There were also significant discrepancies between microscopy and antigen detection and between the two antigen detection kits. In particular, there was a surprisingly large number of smear-positive (mean parasitemia, 0.012%) but antigen-negative samples for both the OptiMAL (n = 11) and ICT (n = 10) tests (Table (Table4).4). There was also a single case of an apparently false-positive smear (smear positive, PCR negative). Upon exhaustive review of the original smears, this apparent discrepancy was resolved in favor of the PCR result. With PCR as the gold standard assay, the sensitivities and specificities as well as the PPVs and NPVs of the other tests were calculated (Table (Table5).5). Although the specificities of the tests were quite good (range, 95.6 to 100%), they all had unacceptably low sensitivities (range, 29.1 to 37.5%).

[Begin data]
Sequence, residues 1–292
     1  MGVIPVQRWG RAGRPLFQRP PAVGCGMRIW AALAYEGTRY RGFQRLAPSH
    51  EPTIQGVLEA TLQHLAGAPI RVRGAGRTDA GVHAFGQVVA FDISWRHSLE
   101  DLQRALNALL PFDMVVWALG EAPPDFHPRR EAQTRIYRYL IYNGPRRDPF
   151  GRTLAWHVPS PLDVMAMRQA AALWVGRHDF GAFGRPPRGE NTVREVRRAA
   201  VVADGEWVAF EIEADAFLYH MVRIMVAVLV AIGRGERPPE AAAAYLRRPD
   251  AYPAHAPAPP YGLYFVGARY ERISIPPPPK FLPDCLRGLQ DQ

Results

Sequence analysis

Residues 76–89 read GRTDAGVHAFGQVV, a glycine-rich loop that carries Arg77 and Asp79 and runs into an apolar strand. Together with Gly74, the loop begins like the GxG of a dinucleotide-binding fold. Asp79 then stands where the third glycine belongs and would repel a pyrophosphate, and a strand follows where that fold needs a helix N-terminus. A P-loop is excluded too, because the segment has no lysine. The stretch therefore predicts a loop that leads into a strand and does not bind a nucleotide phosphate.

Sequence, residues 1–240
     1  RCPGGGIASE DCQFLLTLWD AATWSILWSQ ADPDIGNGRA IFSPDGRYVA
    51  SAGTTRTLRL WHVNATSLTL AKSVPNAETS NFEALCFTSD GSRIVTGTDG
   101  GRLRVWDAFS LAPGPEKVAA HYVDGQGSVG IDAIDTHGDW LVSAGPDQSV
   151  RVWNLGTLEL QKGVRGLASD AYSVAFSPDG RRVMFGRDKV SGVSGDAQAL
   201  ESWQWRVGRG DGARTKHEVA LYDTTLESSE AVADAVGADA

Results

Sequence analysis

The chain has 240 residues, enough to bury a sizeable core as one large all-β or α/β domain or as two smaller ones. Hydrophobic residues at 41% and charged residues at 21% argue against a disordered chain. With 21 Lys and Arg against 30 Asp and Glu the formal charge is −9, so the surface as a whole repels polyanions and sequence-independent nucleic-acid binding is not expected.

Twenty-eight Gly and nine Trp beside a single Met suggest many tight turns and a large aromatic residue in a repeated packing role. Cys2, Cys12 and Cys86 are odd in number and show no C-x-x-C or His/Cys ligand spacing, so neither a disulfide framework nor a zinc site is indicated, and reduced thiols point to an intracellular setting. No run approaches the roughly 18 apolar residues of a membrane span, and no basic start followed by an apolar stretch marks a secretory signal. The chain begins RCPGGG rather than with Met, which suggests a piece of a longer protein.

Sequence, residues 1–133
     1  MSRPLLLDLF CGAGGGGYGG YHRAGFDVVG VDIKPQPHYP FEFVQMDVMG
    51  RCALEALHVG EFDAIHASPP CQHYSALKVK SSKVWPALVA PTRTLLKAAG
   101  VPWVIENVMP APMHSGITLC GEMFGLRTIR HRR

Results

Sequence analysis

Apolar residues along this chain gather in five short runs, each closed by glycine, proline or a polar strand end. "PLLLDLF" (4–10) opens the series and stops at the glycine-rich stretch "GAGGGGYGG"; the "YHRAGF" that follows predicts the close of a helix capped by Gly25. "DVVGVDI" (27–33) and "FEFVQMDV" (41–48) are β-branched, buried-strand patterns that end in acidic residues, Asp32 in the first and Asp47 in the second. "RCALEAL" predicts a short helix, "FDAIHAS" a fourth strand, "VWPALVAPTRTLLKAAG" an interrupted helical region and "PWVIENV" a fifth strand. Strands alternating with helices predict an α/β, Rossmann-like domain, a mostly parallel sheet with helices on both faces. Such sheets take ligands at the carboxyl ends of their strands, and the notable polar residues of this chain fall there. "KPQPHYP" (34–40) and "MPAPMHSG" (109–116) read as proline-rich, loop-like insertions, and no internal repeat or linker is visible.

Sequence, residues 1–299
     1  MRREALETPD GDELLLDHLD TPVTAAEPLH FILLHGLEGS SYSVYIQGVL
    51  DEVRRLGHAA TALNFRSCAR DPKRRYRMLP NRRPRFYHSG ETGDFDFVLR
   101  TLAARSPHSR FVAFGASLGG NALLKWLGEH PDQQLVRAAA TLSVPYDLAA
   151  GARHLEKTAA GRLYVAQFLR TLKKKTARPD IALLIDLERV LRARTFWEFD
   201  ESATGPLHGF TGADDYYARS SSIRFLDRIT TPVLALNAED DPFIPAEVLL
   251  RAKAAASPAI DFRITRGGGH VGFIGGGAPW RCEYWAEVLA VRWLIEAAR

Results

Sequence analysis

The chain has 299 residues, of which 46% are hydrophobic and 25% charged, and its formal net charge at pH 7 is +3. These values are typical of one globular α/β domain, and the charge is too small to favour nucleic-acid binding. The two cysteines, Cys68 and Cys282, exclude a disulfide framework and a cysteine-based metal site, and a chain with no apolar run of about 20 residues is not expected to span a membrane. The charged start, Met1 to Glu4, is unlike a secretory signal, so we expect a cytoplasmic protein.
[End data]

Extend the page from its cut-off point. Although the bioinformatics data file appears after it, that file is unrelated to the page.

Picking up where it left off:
In Canada, the United States, and other developed countries, the importation of malaria by travelers, immigrants, and refugees is a significant and growing health problem (3, 5, 54). In Canada, 6,670 cases of malaria were reported between 1985 and 1997 (3). In 1996 alone, more than 400 cases of malaria were reported in the province of Ontario (13), and country-wide reporting rates reached very high levels in 1997 (1,029 cases), coincident with increased P. vivax disease activity in South Asia (26). Slightly more than 1,000 malaria cases are recorded each year in the United States, and 118 malaria-related deaths were reported between 1979 and 1998 (average of 6 deaths/year) (44). The reasons for the almost threefold-higher per capita rate of imported malaria reported in Canada compared with the United States are not yet understood (3). Many other developed countries report similar experiences with imported malaria (33), and this trend in malaria importation has important implications for clinical care, blood safety, and the possibility of autochthonous transmission of disease (33, 34). At present, few developed countries have established protocols for screening travelers, immigrants, or refugees from regions where malaria is endemic, and most jurisdictions rely exclusively on questionnaire-based exclusion criteria to prevent transfusion-associated malaria. The screening of refugees from regions where malaria is endemic regions may be particularly important since high levels of transmission can occur in the suboptimal living conditions that these individuals frequently experience (43). There is presently no consensus on the optimal protocol for screening such refugees, in part due to the absence of an “ideal” test.